Earlier this month, a bombshell report in the New York Times uncovered that a 2008 fire at a Universal Music Group warehouse likely destroyed hundreds of thousands of master tapes from renowned musicians, among them Nirvana, Elton John, Chuck Berry, Eminem, Aretha Franklin, John Coltrane, and Steely Dan. Confidential court documents revealed that the “estimated assets destroyed” totaled 118,230, while “an estimated 500K song titles” were also burned, with a cover-up put in place to ensure musicians would never find out. Now, artists and the estates of musicians are moving forward with a lawsuit against Universal. As detailed in a new Times report, rock bands Soundgarden and Hole, singer-songwriter Steve Earle, and the estates of Tom Petty and Tupac Shakur have become the first affected group to file, which accuses “the biggest record company in the world of breaching its contracts with artists by failing to properly protect the tapes.”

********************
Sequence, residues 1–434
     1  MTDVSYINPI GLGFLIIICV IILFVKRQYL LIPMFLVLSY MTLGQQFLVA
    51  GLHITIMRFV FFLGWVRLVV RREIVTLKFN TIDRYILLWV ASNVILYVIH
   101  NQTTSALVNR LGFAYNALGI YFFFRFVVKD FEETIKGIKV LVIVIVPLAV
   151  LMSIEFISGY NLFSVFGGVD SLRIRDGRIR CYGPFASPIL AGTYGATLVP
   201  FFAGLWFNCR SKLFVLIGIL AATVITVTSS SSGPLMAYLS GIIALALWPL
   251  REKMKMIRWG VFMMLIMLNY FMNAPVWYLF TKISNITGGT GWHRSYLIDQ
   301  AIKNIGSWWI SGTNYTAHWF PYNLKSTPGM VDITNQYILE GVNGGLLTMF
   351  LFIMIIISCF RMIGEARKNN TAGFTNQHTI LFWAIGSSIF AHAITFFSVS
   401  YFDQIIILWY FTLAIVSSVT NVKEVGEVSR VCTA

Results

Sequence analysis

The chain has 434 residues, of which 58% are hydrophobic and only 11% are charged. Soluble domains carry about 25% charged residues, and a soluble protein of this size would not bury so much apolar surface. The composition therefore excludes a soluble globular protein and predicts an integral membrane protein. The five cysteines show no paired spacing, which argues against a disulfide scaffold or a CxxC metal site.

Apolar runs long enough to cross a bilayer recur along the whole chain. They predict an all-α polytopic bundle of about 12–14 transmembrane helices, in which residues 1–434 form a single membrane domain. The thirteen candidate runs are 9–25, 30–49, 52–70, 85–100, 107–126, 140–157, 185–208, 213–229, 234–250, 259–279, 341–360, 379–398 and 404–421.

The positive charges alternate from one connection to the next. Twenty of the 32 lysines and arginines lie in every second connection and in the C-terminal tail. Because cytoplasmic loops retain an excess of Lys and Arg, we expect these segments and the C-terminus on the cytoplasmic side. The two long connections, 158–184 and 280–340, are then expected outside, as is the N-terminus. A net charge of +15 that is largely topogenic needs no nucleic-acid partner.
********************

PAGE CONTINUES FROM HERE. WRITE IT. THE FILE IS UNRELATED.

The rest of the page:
“UMG concealed its massive recovery from plaintiffs,” the suit outlines, “apparently hoping it could keep it all to itself by burying the truth in sealed court filings and a confidential settlement agreement.” The claim is seeking damages in excess of $100 million. Universal didn’t offer any comment. The company had previously denied the bulk of the Times’ claims, saying the story “contains numerous inaccuracies, misleading statements, contradictions and fundamental misunderstandings of the scope of the incident and affected assets.” However, Universal didn’t include evidence to support these claims, and didn’t dispute the damage to the archives.